We loved this quote: “Our opinion? A big thumb’s up!”
I came across this article in NPR. It highlights the “hazards” of our sedentary lifestyle. The take away, movement–any movement–at regular intervals is extremely positive for our health.
Yogic movement is perhaps the most efficient use of time, since it incorporates breath and movement. Many of us, including our children are bound to desks, injecting movement into our daily routines is really critical to long term health. Here are a few exercises from Yoga for Small Spaces are that are great to counter the affects of sitting.
Yes, exercise is good for you. This we know. Heaps of evidence point to the countless benefits of regular physical activity. Federal health officials recommend at least 30 minutes of moderate exercise, like brisk walking, every day.
Studies show that when you adhere to an exercise regimen, you can improve your cardiovascular health, lower blood pressure and improve metabolism and levels of cholesterol and triglycerides. You can reduce diabetes risk and the risk of certain cancers. And, finally, exercise can help you maintain a healthy weight, which can boost all of these benefits even more.
But now, researchers are beginning to suspect that even if you engage in regular exercise daily, it may not be enough to counteract the effects of too much sitting during the rest of the day.
Epidemiologist Steven Blair, a professor of public health at the University of South Carolina, has spent 40 years investigating physical activity and health.
“Let’s say you do 30 minutes of walking five days a week (as recommended by federal health officials), and let’s say you sleep for eight hours,” Blair says. “Well, that still leaves 15.5 hours” in the day.
Many of us, he points out, have sedentary jobs and engage in sedentary activities after work, like watching television or sitting around a dinner table talking. When you add it all up, Blair says, “it’s a lot more sitting than moving.”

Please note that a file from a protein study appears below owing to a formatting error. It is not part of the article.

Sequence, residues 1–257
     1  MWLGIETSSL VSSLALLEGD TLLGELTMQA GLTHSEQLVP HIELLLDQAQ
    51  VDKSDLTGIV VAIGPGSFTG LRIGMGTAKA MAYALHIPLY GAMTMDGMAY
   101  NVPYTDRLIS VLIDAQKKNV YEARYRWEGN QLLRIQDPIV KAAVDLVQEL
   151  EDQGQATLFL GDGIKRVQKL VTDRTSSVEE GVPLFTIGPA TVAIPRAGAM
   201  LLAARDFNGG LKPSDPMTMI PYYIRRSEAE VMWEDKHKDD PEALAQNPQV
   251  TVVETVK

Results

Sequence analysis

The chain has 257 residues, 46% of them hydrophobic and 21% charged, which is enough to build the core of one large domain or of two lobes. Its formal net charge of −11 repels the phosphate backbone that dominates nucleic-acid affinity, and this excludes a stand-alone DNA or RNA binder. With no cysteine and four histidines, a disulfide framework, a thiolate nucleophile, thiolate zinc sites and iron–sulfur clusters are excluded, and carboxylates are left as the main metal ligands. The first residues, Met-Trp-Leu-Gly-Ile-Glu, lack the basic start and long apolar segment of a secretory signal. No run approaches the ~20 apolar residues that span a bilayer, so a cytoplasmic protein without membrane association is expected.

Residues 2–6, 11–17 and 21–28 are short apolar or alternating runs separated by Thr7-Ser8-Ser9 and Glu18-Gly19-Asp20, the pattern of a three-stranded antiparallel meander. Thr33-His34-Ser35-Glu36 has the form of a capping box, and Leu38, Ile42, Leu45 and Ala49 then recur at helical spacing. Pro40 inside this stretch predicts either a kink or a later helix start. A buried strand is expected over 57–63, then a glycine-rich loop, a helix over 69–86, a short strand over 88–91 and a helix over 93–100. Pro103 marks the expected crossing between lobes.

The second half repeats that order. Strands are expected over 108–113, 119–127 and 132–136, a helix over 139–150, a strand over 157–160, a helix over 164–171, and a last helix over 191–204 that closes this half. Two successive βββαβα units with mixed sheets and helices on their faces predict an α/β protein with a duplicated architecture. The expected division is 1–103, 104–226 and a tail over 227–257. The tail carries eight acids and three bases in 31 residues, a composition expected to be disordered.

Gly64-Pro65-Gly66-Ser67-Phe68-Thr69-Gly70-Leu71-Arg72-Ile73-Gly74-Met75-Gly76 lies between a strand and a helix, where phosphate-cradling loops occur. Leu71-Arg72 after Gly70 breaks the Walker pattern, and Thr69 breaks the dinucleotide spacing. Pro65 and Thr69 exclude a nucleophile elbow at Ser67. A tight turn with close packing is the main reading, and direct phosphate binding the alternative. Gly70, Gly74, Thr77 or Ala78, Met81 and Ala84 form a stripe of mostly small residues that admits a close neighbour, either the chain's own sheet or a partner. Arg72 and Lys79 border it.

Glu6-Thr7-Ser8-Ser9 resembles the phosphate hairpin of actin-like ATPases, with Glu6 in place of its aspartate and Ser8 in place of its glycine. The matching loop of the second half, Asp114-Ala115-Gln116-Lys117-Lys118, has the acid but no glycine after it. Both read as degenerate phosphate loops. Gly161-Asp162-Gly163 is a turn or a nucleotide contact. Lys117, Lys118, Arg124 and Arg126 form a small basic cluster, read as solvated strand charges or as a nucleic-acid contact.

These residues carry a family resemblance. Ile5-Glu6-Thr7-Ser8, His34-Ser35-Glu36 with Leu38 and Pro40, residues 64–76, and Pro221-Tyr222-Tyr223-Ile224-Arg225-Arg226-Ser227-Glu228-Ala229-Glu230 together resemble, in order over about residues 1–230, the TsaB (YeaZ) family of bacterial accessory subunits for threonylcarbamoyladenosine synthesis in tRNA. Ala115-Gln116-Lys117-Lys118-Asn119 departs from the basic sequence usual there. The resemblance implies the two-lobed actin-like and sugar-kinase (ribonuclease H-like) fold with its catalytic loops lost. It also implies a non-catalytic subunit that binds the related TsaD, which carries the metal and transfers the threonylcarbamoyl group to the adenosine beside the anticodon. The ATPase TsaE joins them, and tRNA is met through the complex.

Blair recently headed a study at the University of South Carolina that looked at adult men and their risk of dying from heart disease. He calculated how much time the men spent sitting — in their cars, at their desks, in front of the TV.
“Those who were sitting more were substantially more likely to die,” Blair says.
Specifically, he found that men who reported more than 23 hours a week of sedentary activity had a 64 percent greater risk of dying from heart disease than those who reported less than 11 hours a week of sedentary activity. And many of these men routinely exercised. Blair says scientists are just beginning to learn about the risks of a mostly sedentary day.
“If you’re sitting, your muscles are not contracting, perhaps except to type. But the big muscles, like in your legs and back, are sitting there pretty quietly,” Blair says. And because the major muscles aren’t moving, metabolism slows down.
“We’re finding that people who sit more have less desirable levels” of cholesterol, blood sugar, triglycerides and even waist size, he says, which increases the risk of diabetes, heart disease and a number of health problems. . . . To read the complete article, along with movement tips, click here.
Original Source: NPR
Here’s is a really great presentation, by Dr. Heather Bilton, Ed. D. , NBCT, on the importance of developmentally-appropriate movement experiences in young children. Dr. Bilton’s presentation, Shake, Shake, Shake and Relax…, focuses on options to increase gross motor development, coordination, balance, and relaxation for children.
We are greatly appreciative that Dr. Bilton shared this presentation with Addriya and that she included some of the Learn With Yoga flash cards in her talk.